He said “we are preparing contingencies for more” Ebola patients, “and that is a very real possibility.”
In a statement earlier, the CDC said the newest patient had been on a commercial flight from Cleveland to Dallas the day before reporting symptoms.
“Because of the proximity in time between the evening flight and first report of illness the following morning, CDC is reaching out to passengers who flew on Frontier Airlines flight 1143 Cleveland to Dallas/Fort Worth Oct. 13,” the statement read.
Asked why the woman, who was self-monitoring her temperature, was allowed to board an airplane after exposure to the index patient, Frieden said: “The patient traveled to Ohio before it was known that the first health care worker [Pham] was sick.”
Pressed on the question, he said: “She should not have traveled on a commercial airliner” and noted that “from this moment forward we will make sure that any individual who is being monitored” should not travel on public transportation.
Frieden said she had an elevated temperature (99.5F) on the flight home to Dallas, although it was short of the fever threshold. The CDC believes she presents a low risk to fellow passengers, he said.
The virus is not contagious until a person starts showing symptoms, and the likelihood of its being passed on an airplane is considered extremely low.
Jenkins said during the news conference that the 47 original “contact traces” who had contact with Duncan were nearing the end of the Ebola incubation period and were all symptom-free. The possibility that any of them would become symptomatic at this point, he said, is “extremely remote.”
Dallas Mayor Mike Rawlings said that cleaning at the newest patient’s apartment was “done as soon as possible” and that the patient “lived alone and without pets.”
Rawlings said of the situation in the city: “It’s going to get worse before it gets better. But it will get better.”
Dr. Daniel Varga, the chief medical officer for Texas Health Resources, which runs Texas Health Presbyterian Hospital Dallas, said he saw no systemic problems with the response.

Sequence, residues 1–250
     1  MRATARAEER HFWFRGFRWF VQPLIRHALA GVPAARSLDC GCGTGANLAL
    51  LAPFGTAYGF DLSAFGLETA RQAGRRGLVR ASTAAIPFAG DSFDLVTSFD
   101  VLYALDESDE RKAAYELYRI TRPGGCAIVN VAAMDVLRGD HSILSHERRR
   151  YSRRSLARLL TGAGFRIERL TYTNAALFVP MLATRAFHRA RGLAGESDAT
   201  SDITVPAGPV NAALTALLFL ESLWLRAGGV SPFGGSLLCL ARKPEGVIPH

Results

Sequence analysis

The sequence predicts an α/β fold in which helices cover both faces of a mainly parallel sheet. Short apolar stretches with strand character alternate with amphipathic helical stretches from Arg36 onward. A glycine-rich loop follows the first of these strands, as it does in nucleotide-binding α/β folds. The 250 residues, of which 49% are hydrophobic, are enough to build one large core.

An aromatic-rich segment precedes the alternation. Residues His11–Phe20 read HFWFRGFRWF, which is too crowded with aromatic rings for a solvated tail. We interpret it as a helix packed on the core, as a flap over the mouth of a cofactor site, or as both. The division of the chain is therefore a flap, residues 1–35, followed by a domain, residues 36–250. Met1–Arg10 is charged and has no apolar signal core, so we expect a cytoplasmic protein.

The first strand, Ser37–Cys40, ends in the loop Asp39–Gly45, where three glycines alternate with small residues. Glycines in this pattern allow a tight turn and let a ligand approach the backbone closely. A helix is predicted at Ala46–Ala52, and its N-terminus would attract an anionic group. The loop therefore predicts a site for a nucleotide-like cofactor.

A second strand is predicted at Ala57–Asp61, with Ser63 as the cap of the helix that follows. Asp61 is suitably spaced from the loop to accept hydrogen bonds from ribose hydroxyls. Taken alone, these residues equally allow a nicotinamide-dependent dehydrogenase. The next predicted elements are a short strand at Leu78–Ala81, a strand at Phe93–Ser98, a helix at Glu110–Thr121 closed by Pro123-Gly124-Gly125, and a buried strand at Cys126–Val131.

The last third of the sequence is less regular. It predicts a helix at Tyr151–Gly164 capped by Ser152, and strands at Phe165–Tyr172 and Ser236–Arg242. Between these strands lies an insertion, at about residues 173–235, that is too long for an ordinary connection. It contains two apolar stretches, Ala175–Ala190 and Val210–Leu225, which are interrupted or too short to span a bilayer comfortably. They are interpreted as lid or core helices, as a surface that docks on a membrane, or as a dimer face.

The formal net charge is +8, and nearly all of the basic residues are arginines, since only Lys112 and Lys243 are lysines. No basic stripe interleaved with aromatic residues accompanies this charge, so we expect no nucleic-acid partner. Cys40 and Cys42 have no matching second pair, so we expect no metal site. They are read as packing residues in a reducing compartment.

“A lot is being said about what may or may not have been done,” he said. “We may have done some things differently given what we know now.
“No one wants to get this right more than we do,” he said.
The Texas health department quoted a CDC statement: “An additional health care worker testing positive for Ebola is a serious concern, and the CDC has already taken active steps to minimize the risk to health care workers and the patient.” An additional 77 individuals, all but two of them health workers who were exposed to Duncan, are being monitored for Ebola symptoms, said Jenkins, the Dallas County judge.
Pham, 26, is in “good condition,” according to the hospital where she was quickly isolated after reporting a fever.
A day after Pham’s diagnosis, she received a blood transfusion from Ebola survivor Kent Brantley, an aid worker who contracted the disease while working in West Africa.
” On Tuesday, Frieden acknowledged that more could have been done to prevent Pham’s infection.
“We did send some expertise in infection control,” Frieden said. “But I think we could, in retrospect, with 20/20 hindsight, have sent a more robust hospital infection control team and been more hands-on with the hospital from Day 1 about exactly how this should be managed.”
The Associated Press writes: “Officials have said they don’t know how [Pham] became infected. But the second case pointed to lapses beyond how one individual may have donned and removed personal protective garb.”
Photo: Nurses protest Sept. 24 at the California Nurses Association and National Nurses Organizing Committee convention because they say U.S. hospitals aren’t ready for an Ebola outbreak. (AP Photo/John Locher)